Thursday

20th Feb 2020

UN vote marks EU defeat for Israel

  • Abbas called the UN text "the birth certificate" of the state of Palestine (Photo: United Nations Photo)

Just one EU country - the Czech Republic - voted against Palestine's bid to become a UN "observer state" on Thursday (29 November).

Fourteen others - Austria, Belgium, Cyprus, Denmark, Finland, France, Greece, Ireland, Italy, Luxembourg, Malta, Portugal, Spain and Sweden - voted in favour. The rest, including Germany, until now a firm ally of Israel, abstained.

Read and decide

Join EUobserver today

Support quality EU news

Get instant access to all articles — and 20 years of archives. 14-day free trial.

... or join as a group

The result highlighted the EU's lack of unity on the conflict.

But it also marked a drain in sympathy for Israel in Europe, with German officials saying earlier this week that their decision is a protest against Israeli settlement expansion.

Compared to a similar vote on Palestine's bid to join the UN's cultural agency, Unesco, 12 months ago, nine EU countries which abstained or voted No on Unesco changed their votes to Yes or abstained on the UN observer state decision.

Overall, Palestine won Thursday's vote by 138 to nine with 41 abstentions.

The other No votes came from Israel itself, Canada, the US and five minor countries - the Marshall Islands, Micronesia, Nauru, Palau and Panama.

The UN resolution fixes Palestine's borders on 1967 lines and says that Jerusalem is its capital in the face of Israeli settlement building and its competing claim to the holy city.

It also gives Palestine the right to file cases against Israel in the International Criminal Court (ICC) and the International Court of Justice in The Hague.

The vote came after ferocious speeches by Palestinian President Mahmoud Abbas and Israel's UN ambassador Ron Prosor.

Abbas called the UN text "the birth certificate for the reality which is the state of Palestine."

He dubbed Israel an "apartheid system of colonial occupation" and he accused it of "racism ... ethnic cleansing ... war crimes ... barbarity ... murder."

Prosor called Abbas' UN bid a "march of folly."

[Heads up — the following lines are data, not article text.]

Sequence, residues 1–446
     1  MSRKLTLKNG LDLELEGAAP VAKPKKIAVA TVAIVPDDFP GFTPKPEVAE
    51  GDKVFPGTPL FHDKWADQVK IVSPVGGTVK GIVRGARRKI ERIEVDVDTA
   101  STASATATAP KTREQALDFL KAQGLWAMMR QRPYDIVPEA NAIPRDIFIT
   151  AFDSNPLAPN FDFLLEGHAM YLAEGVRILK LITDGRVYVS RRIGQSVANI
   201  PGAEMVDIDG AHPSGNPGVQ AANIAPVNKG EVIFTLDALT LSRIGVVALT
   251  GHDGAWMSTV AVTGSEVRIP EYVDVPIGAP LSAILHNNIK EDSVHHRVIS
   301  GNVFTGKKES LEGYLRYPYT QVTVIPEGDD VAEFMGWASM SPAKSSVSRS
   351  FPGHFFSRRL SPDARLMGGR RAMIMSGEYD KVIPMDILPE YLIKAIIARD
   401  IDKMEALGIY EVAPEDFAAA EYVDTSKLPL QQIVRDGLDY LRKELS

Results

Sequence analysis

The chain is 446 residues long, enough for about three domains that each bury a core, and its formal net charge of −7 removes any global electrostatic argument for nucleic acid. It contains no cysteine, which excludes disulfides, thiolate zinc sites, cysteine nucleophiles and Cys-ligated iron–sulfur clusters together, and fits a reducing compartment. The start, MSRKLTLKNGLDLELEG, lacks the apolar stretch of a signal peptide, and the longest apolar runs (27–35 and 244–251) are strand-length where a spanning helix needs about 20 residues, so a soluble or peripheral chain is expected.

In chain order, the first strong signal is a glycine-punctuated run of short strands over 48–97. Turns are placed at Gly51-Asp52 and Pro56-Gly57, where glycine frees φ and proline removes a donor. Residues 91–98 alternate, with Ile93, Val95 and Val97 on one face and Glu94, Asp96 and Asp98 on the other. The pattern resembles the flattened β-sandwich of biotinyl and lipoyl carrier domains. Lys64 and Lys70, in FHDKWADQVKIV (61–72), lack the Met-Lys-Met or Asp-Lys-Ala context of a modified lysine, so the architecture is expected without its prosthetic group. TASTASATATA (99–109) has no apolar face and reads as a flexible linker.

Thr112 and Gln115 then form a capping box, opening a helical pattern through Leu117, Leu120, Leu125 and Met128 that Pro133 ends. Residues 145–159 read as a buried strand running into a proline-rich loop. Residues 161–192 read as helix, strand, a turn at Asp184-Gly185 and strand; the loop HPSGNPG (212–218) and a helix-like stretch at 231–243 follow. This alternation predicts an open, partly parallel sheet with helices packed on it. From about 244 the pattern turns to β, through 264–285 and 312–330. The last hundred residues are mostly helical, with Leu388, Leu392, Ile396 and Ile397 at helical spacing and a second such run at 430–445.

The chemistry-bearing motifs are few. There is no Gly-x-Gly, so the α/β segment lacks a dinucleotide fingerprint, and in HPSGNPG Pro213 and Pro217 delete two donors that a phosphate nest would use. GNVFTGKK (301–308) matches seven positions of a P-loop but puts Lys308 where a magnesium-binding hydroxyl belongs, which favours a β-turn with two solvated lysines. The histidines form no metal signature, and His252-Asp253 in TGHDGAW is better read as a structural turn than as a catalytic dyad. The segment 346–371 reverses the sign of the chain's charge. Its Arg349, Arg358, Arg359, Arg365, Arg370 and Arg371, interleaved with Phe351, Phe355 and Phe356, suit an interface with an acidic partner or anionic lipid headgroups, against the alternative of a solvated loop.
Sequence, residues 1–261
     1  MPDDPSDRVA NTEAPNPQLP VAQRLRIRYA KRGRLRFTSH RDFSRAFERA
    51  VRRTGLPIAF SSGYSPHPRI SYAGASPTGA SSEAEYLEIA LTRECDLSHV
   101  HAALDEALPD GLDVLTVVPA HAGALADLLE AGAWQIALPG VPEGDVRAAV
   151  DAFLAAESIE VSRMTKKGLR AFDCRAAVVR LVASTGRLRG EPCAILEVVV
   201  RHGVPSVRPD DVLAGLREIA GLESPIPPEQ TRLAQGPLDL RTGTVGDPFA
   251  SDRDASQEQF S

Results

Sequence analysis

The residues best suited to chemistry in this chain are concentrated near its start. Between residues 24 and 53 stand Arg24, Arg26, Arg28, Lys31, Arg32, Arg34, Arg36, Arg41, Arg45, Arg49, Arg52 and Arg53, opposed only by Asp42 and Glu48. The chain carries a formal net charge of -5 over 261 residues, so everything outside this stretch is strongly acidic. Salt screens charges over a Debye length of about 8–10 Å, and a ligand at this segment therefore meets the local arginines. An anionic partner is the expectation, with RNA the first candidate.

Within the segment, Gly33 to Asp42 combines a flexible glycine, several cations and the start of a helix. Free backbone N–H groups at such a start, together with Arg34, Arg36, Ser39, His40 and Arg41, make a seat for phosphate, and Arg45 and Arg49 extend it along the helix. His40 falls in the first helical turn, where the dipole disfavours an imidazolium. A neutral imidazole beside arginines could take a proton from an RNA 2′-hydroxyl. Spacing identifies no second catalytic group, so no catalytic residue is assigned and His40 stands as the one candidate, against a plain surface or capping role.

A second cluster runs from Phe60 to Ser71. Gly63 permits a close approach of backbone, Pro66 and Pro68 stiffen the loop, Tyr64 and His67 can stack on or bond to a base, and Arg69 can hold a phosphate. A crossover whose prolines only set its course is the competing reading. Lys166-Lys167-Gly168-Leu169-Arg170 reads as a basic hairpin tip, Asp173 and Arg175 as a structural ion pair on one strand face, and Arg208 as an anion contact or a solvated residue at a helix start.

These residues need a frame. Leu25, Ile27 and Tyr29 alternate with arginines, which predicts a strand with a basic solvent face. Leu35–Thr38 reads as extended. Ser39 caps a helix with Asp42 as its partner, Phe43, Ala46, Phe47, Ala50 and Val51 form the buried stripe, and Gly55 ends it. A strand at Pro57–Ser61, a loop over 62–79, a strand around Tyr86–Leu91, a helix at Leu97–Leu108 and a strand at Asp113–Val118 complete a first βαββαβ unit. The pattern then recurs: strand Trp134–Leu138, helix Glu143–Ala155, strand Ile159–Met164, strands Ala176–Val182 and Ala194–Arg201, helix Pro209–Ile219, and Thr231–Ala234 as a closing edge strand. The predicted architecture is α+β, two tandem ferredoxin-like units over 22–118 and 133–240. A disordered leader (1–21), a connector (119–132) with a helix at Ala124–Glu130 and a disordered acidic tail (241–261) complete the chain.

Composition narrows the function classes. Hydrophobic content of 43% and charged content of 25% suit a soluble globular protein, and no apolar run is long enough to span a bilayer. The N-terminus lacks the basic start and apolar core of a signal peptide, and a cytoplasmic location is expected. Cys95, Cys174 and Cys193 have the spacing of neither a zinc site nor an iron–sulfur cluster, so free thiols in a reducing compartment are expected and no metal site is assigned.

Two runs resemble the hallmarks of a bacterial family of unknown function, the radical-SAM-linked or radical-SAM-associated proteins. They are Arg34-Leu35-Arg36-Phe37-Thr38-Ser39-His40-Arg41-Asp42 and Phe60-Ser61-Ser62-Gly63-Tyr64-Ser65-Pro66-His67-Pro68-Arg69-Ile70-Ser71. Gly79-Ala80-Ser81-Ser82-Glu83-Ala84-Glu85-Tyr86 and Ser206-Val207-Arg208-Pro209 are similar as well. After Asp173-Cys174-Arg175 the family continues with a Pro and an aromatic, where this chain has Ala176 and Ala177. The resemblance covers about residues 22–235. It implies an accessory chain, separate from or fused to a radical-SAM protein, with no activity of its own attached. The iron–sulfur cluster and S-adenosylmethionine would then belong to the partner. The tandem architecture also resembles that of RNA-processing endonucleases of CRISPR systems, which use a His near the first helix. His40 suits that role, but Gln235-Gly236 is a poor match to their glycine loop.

Noting that his resolution did not recognise Israel as a "Jewish state" or guarantee its security, he said it "is so one-sided, it doesn't advance peace, it pushes it backwards."

The office of Israeli PM Benjamin Netanyahu tweeted on Abbas that "someone who wants peace does not talk in such a manner" and threatened to "act accordingly."

Meanwhile, several EU ambassadors took the floor in the UN chamber.

France described its Yes vote as "a choice of enlightenment and consistency."

Germany urged Israel and Palestine to resume peace talks and warned Palestine not to use its new ICC weapon - positions echoed by most EU speakers.

It said it liked Abbas' resolution because it called for a two-state solution, which "implicitly recognises Israel's right to exist."

There was a discrepancy between Italy and the UK.

The Italian ambassador said he voted Yes because Palestine promised Italy it would not use the ICC. The UK said it did not vote Yes because Palestine refused to make the promise.

Finland noted that: "Palestine now has institutions which pass the threshold of what constitutes a modern state."

Turkey and the US also spoke out.

Turkish foreign minister Ahmet Davutoglu recalled his visit to Gaza amid the recent fighting.

He said he met a man who had lost his child and who wept on his shoulder, portraying him as a symbol of Palestine.

America's UN ambassador Susan Rice said: "Today's grand pronouncements will soon fade and the Palestinian people will wake up tomorrow and find that little has changed in their daily lives save that the prospects for a durable peace have receded."

Hamas appeals for talks with EU diplomats

The Prime Minister of Gaza, Ismail Haniyeh, has appealed to the EU to take his political and militant group, Hamas, off its terrorist register.

Israeli PM 'disappointed' with Angela Merkel

A joint German-Israeli government meeting in Berlin on Thursday is likely to be the scene of more disagreements between Chancellor Merkel and PM Netanyahu as the two traditional allies are having increased difficulty finding common ground.

Israeli leader mocks EU 'dismay'

Israeli leader Benjamin Netanyahu has mocked EU "dismay" over his plan to split Palestine in three and take away its capital.

Israel vs. Palestine: one-nil?

Israel last month showed off its high-tech weapons by scoring a "goal" with bombs in a Gaza football field. But civilian deaths and settlement expansion have caused diplomatic defeats.

Opinion

Trump's 'plan' for Israel will go against EU values

As someone who has been personally targeted by Benjamin Netanyahu's incitement against Arabs and Palestinians, Christians, Muslims and Druze, I still believe that peace is possible. But Donald Trump's 'plan' will be a gift to Netanyahu's campaign.

China spy suspect worked for EU for 30 years

The former EU ambassador suspected by German prosecutors of spying for China was Gerhard Sabathil, according to EU officials speaking on condition of anonymity.

Stakeholders' Highlights

  1. Nordic Council of MinistersScottish parliament seeks closer collaboration with the Nordic Council
  2. UNESDAFrom Linear to Circular – check out UNESDA's new blog
  3. Nordic Council of Ministers40 years of experience have proven its point: Sustainable financing actually works
  4. Nordic Council of MinistersNordic and Baltic ministers paving the way for 5G in the region
  5. Nordic Council of MinistersEarmarked paternity leave – an effective way to change norms
  6. Nordic Council of MinistersNordic Climate Action Weeks in December

Join EUobserver

Support quality EU news

Join us